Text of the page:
Is Gupta re-invigorating the OneSteel Whyalla power station?

  23. Howard Hill

    It’s over for the lucky country, the grid is done. You can stay on it and go broke or insane or you can get off it and restructure your life.

    Isn’t it claimed, that if the madness stopped now, we’d have to wait another ten years before we had a fully functioning grid again? And even longer before industry got moving again.

    Expecting someone to step up and remove these parasites from our country is wishful thinking, it isn’t going to happen.

    For a look into the future, just look at the latest in Venezuela. This is our future. It’s pretty bad over there and yet even there no one is prepared to step up and remove the parasites destroying their lives.

    We’re boned!

  24. Adelagado

    Another scam gets S.A. Labor Government funding today….
    https://indaily.com.au/news/business/2018/02/12/bigger-lng-sa-get-first-green-hydrogen-plant/

    Apparently we are going to export hydrogen to Japan, even though they are more capable of making it than we are.

  25. Tel

    There is some naive idea that these schemes can be a bit “agricultural”, just get some gear and build a couple of “turkey’s nests”, get some pipes and turbines and Bob’s your Uncle. The reality is very different, having been involved in a couple of hydro-electric schemes myself.

    You need at a minimum TWO storage areas, one significantly higher up than the other one, and not too far apart. I agree there’s not too many mountains and valleys in that general area, more like rolling hills, but that said, just the general concept of building extra water storage around Adelaide must surely be useful for something. In particular it could be useful for water storage.

    If you tell the Greens it’s really a “pumped hydro” scheme to solve Global Warming, than suddenly farmers will be able to build the dams they always wanted but were previously told would destroy the environment. Think “age of seeming”. Don’t have a design… have an angle.

    If I remember rightly, the only remaining customer for Whyalla steel is government contracts (and even those guys are trying to find ways out of it) maybe building giant water tanks up in the hills would give them a bit of a sense of purpose??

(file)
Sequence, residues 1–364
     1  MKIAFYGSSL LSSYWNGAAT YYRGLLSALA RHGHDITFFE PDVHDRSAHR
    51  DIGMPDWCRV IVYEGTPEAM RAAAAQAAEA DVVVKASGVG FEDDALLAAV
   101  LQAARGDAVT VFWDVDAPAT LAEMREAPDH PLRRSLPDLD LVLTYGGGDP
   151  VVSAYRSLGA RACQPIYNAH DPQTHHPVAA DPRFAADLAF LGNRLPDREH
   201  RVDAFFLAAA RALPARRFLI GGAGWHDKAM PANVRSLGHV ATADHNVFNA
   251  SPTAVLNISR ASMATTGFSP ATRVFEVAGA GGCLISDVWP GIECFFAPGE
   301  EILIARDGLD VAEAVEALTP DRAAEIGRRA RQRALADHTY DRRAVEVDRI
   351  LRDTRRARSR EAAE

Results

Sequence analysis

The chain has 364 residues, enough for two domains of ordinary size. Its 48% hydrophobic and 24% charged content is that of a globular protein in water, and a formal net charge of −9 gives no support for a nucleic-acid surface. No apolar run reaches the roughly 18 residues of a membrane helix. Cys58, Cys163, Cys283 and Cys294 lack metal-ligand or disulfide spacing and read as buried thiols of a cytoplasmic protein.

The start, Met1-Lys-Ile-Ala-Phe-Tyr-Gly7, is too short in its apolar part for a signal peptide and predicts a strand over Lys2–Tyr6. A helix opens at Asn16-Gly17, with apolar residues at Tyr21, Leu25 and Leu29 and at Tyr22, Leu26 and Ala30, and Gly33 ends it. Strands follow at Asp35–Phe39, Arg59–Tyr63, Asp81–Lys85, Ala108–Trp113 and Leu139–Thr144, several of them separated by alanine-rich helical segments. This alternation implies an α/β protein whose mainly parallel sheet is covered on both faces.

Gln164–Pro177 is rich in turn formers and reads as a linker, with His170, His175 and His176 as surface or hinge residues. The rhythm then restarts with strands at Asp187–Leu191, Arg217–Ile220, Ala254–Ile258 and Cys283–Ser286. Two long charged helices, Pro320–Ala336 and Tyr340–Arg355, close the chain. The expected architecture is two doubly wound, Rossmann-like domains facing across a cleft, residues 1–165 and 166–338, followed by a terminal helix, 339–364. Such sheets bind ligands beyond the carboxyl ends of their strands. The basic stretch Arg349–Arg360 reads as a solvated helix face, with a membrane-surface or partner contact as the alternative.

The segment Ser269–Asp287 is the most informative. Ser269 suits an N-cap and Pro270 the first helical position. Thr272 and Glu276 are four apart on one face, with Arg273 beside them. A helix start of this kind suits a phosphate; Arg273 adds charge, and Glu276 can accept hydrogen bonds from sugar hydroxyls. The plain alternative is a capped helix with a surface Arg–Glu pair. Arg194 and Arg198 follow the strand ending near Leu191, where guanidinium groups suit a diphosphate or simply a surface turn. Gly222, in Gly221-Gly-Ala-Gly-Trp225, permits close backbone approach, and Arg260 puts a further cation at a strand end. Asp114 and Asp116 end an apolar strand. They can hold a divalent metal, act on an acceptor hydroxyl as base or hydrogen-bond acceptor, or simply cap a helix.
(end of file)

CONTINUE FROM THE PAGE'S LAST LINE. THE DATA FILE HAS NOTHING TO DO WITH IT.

How about this one? Get them to dig a giant pit, at least 500m deep and lined with stainless steel… as a you know “hydro project”. Then afterwards we can say, “You know, that would be a great place to put a nuclear reactor”.

  26. David Brewer

    How do we get off this train to the madhouse?

    Put some engineers in charge; rather than arts grads, lawyers, accountants and political operatives.

    Well, yes, but that is the problem everywhere, isn’t it? Just too many arts grads, lawyers, accountants and political operatives, many with master’s degrees in management or “public administration”. 60% of the population goes to university and thus gets 15-20 years of indoctrination in PC nonsense before being let loose on society – having been told all their lives how clever they are.

    The university class has grown by orders of magnitude since the war. At first they only buggered up the sort of nonsense they were interested in – sociology, psychology, the yarts etc. But their sheer numbers now mean they bugger up everything. Even the most technical and practical matters are now subject to their ridiculous notions and turned into a shambles as a result. Think – power supply, water supply, garbage removal, bushfire prevention… even toilet design.

    As you say, the solution is to put some engineers in charge. But I am afraid they will never again be in charge of anything. There will always be some smartarse pill of bureaucrat telling them what to do to save the bloody world.

  27. RobK

    Simply putting engineers in charge wont help. Its the subsidies that are toxic…and the accompanying narrative.

  28. egg_

    If you tell the Greens it’s really a “pumped hydro” scheme to solve Global Warming, than suddenly farmers will be able to build the dams they always wanted but were previously told would destroy the environment. Think “age of seeming”. Don’t have a design… have an angle.

    Sounds like a cunning plan!

  29. Dingus MsGee

    We already have pumped hydro in NSW.
    Water flows down into the Jounama Reservoir from the Talbingo Dam generating electricity from Tumut 3 power station to meet peak demand when people want to cook their dinner.
    In the early hours of the morning when electricity is in less demand the water is pumped back up into Talbingo Dam. Talbingo Dam’s water level stays at about the same level throughout the year.
    Or so I believe.

  30. Roger

    …is the same Mr Gupta who is currently said to be involved in State Caoture of another SA. SOUTH AFRICA?

    No.

  31. Bruce of Newcastle

    I saw a mention of using sea water for SA pumped hydro. Not sure where.

    If they do that it will be fun. The corrosion would be epic. The whole box and dice would be pitted like crazy in only a few years especially if they don’t pay attention to galvanic mismatches.

  32. Muddy

    Can we not legislate, forcing the non-protected classes to hike up to their nearest height and urinate in a bloody great big slightly tilted metal trough, and use that to generate hydro power? Surely that’s a more efficient use of resources? A secondary benefit would be selling the television rights (ala Big Brother). If the physical exercise bit is too much of an effort, we could build enormous escalators (The Simpsons, anyone?) which would boost the economy.